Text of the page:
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Impending recession could be worse than that of 2008 —IMF



Countries without crude oil better off than Nigeria —IMF

A statement from the International Monetary Fund (IMF) Monday said the impending global financial crisis, spurred by the COVID-19 plague might equal the Great Recession of 2008 in magnitude and impact or even worse.

Kristalina Georgieva, the institution’s chief particularly said emerging and low-income economies are vulnerable to the headwinds and the swiftly increasing fatality from the pandemic.

“… advanced economies are generally in a better position to respond to the crisis, but many emerging markets and low-income countries face significant challenges. They are badly affected by outward capital flows, and domestic activity will be severely impacted as countries respond to the epidemic,” the IMF boss said.

Georgieva noted the necessity of oneness in these hard times, especially the need for countries to be single-minded in defending lives and curbing economic threats.

“First, the outlook for global growth: for 2020 it is negative — a recession at least as bad as during the global financial crisis or worse. But we expect recovery in 2021.”

“To get there, it is paramount to prioritise containment and strengthen health systems — everywhere.”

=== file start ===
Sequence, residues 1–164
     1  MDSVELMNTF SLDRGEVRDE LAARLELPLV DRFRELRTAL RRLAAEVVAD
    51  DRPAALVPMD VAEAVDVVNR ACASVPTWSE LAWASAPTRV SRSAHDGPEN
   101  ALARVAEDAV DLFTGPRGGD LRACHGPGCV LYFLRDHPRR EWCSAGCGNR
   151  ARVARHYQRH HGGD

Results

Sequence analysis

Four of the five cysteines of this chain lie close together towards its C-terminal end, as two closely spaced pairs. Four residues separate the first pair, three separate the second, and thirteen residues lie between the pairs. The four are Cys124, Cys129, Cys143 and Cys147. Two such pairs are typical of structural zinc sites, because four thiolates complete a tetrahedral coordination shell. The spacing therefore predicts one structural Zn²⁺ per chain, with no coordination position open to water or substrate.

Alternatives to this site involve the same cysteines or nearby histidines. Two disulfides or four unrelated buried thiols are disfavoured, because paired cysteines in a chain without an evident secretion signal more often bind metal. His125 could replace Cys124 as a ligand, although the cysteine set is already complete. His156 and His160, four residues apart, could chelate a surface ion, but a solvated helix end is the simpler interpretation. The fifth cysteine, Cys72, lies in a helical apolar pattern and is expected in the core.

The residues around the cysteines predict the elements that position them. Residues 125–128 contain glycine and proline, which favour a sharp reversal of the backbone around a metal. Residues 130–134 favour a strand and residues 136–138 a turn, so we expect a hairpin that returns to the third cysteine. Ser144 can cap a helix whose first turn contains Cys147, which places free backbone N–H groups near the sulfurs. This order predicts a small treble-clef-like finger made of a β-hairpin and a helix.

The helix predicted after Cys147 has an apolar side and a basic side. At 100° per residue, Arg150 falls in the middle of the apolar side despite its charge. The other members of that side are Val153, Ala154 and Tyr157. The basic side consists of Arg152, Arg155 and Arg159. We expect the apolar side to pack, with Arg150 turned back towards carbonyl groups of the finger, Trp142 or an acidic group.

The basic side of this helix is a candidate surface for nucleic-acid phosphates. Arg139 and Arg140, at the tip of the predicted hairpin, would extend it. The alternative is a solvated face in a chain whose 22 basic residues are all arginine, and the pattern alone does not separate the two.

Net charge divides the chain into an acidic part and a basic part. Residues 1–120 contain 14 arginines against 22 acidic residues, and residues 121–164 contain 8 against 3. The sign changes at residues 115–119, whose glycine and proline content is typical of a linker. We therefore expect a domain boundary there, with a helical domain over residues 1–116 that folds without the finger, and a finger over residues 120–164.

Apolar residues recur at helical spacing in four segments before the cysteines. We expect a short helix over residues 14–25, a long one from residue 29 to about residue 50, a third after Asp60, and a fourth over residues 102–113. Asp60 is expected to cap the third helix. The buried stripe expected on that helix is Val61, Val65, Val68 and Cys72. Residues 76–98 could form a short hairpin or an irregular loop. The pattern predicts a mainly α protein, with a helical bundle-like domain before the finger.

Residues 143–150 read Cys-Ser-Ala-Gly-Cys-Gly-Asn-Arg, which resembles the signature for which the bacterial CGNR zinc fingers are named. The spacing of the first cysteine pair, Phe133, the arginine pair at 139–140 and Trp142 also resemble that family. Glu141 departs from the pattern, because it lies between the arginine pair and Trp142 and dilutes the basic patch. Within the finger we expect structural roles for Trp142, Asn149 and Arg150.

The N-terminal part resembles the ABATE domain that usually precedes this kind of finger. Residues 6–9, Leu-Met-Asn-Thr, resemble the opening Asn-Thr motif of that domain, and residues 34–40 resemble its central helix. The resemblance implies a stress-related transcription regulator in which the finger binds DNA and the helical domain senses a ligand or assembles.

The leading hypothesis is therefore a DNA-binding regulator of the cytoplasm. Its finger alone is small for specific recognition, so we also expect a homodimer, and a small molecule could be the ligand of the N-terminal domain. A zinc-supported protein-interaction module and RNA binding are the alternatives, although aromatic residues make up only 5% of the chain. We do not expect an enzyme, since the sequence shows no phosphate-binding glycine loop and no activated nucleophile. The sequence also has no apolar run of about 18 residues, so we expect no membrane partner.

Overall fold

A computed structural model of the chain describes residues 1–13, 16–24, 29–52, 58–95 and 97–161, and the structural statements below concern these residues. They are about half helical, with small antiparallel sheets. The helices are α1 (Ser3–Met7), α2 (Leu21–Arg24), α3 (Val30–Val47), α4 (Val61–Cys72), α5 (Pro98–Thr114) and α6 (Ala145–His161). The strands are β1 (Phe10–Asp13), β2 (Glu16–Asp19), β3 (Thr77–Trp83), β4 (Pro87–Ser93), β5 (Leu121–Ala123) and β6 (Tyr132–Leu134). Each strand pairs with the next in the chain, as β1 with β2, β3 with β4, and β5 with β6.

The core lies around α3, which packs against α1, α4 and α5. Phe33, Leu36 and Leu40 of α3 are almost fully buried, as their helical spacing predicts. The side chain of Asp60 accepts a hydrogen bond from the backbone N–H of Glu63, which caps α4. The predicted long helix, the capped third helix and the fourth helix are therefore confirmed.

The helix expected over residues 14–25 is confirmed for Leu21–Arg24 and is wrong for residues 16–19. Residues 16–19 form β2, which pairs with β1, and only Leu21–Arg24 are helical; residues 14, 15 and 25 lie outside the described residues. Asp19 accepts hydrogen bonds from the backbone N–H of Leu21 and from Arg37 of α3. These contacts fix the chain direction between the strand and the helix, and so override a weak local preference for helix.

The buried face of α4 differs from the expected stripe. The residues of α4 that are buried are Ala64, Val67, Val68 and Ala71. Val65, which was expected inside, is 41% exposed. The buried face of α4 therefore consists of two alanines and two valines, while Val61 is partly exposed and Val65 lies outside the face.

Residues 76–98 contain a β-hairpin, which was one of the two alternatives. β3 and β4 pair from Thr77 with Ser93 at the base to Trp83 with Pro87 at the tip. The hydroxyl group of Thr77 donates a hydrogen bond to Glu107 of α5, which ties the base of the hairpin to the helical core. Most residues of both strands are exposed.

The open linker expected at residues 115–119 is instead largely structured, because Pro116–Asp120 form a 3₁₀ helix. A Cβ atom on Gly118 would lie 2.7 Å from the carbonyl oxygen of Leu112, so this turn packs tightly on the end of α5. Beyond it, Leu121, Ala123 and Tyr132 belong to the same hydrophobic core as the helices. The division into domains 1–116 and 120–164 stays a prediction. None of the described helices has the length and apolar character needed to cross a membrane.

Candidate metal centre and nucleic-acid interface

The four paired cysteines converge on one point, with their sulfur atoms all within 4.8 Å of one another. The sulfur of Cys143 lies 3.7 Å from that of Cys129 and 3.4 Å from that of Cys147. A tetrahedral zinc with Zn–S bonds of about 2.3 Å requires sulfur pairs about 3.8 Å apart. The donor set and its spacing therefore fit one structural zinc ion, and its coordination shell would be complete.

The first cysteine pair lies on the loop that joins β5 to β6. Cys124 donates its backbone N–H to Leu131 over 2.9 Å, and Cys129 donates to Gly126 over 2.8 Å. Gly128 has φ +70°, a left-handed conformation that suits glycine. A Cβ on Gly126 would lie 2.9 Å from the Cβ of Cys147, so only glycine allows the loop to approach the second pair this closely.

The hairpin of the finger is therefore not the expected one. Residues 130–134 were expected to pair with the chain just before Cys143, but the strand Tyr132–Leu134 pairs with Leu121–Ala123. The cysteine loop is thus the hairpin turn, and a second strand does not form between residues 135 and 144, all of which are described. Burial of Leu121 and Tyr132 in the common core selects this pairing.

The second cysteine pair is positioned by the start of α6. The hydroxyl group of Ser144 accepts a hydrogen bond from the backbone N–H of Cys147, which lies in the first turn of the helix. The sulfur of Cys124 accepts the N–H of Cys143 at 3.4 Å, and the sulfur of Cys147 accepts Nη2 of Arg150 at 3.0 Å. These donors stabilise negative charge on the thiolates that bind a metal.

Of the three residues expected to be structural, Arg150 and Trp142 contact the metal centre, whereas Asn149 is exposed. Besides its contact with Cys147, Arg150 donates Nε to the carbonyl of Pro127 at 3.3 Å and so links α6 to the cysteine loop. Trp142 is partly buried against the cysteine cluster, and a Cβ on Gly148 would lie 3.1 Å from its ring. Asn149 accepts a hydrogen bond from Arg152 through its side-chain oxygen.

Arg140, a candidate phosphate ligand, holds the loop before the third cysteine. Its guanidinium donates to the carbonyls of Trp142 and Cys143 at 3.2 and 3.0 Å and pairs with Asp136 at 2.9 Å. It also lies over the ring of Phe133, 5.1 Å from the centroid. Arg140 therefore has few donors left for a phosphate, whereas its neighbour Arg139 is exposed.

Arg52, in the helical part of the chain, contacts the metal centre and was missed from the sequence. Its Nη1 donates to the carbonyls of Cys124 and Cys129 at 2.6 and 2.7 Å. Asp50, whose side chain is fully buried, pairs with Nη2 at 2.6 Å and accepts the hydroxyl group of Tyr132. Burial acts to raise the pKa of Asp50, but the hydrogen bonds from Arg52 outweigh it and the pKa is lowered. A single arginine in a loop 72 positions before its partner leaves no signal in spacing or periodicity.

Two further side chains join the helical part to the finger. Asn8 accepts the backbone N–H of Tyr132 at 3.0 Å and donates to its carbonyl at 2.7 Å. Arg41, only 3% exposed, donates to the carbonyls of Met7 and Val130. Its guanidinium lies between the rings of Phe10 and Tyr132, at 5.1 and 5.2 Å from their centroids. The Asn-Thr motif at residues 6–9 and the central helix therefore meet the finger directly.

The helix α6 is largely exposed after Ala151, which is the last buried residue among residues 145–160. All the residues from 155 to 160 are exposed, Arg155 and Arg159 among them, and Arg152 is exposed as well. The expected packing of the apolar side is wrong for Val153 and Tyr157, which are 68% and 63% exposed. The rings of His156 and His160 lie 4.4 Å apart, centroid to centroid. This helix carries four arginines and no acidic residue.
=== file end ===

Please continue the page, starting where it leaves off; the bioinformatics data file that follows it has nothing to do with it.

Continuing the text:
She foresaw that the current austerity would worsen but equally remarked that finding remedy to the plague early would be favourable to recovery.

She said “we strongly support the extraordinary fiscal actions many countries have already taken to boost health systems and protect affected workers and firms. We welcome the moves of major central banks to ease monetary policy.

Read also: NSE trading floors shut over coronavirus

“Investors have already removed $83bn from emerging markets since the beginning of the crisis, the largest capital outflow ever recorded. We are particularly concerned about low-income countries in debt distress — an issue on which we are working closely with the World Bank.”

The IMF is currently taking stock by deploying bilateral and multilateral surveillance at the same time devising reforms limit the effects of the crisis on its members.

She said “We will massively step up emergency finance —nearly 80 countries are requesting our help — and we are working closely with the other international financial institutions to provide a strong coordinated response.

“We are replenishing the Catastrophe Containment and Relief Trust to help the poorest countries. We welcome the pledges already made and call on others to join. We stand ready to deploy all our $1tn lending capacity. And we are looking at other available options.”

A great many low and middle income economies had approached the IMF to obtain a special drawing rights allocation.

“We are exploring this option with our membership,” the IMF boss said.

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